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Two moon gifFirefly Books (Trade Paperback), ISBN 1552094928
At $24.95 for an oversized paperback, I expected more than a rehash of old crimes and standard forensic evidence techniques. The sub-title of the book seems designed to mislead a potential reader: "Forty true crimes and how forensic science helped solve them." Well, OK, so 40 crimes did appear throughout the book, but each one rated no more than two pages, some as little as one, with more space taken up by photos than by explanatory text. The remainder of the book consists of many more pictures and brief descriptions of well-known forensic techniques. I couldn't decide if the book intended to showcase the history of forensic science or serve as a coffee table book for perusal by bored dinner guests.

Book: David Owen, Hidden EvidenceThe promotional material in the book states that the author, "takes the reader into intriguing high-profile cases..." and that "Some of the most famous cases are examined from the point of view of forensic science..." Perhaps -- if the examination consists of a few gory photos and three or four brief paragraphs describing crimes dissected in depth by the media over and over again. Crimes such as the Lindbergh baby kidnapping, the O. J. Simpson case and the Jack the Ripper murder reveal no unknown secrets, no information that the popular media missed. Granted, a few less sensationally known crimes do make an appearance, however, I still feel as if the author dropped the ball -- or else the publisher's promotional material grossly overstates the intent of the book.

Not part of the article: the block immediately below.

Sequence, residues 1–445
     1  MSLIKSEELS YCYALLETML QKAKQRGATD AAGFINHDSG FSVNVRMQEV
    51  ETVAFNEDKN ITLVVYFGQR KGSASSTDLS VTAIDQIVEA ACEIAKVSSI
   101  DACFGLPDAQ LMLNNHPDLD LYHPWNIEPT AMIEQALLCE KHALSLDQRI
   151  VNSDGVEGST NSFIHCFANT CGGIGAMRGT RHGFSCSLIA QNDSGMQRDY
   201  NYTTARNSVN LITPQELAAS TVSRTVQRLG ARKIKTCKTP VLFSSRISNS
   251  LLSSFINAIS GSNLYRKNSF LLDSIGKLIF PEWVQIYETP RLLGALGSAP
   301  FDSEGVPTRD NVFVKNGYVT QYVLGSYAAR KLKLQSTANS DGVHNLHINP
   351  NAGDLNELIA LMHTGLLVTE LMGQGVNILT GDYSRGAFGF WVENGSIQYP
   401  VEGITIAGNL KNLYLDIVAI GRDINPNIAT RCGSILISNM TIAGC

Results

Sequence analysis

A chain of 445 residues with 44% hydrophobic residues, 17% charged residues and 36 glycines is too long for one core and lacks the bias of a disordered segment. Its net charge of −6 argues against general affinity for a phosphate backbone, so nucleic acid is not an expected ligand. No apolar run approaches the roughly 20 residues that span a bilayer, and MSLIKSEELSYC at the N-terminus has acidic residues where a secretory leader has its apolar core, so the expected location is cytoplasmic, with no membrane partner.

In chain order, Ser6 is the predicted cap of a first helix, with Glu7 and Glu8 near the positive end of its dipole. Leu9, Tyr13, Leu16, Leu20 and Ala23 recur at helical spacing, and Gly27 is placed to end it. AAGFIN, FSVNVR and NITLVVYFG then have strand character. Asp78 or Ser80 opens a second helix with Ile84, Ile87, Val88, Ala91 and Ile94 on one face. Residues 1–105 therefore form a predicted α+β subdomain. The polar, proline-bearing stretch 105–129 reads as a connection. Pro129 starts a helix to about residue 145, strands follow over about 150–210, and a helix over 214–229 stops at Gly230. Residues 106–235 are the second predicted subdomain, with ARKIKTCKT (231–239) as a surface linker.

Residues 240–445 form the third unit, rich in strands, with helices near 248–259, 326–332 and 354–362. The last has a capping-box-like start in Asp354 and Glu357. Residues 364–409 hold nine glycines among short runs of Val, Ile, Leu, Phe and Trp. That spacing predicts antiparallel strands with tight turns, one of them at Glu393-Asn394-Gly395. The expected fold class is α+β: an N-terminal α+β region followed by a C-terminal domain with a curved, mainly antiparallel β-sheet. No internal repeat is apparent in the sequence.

I'll admit, I may be a little biased and perhaps a little better read on the subject of forensics than the average reader. But I believe that most mystery fans and readers of books involving forensic science can boast a high degree of layman's knowledge of the topic and already know about the 40 cases included in the book. These customers may not possess degrees in pathology and forensic science. But the type of reader that might wish to purchase a book like Hidden Evidence probably knows quite a bit about blood typing, DNA testing and crime-scene procedures.

If you want to buy a gift for a new mystery fan, or perhaps for someone whose knowledge of forensic science leans more towards vague awareness of fingerprinting, then buy a copy of Hidden Evidence. But, mystery buffs beware. Don't waste your money on what is no more than a big kid's picture book -- the forensic equivalent of "See Spot Run."

Maria Y. Lima

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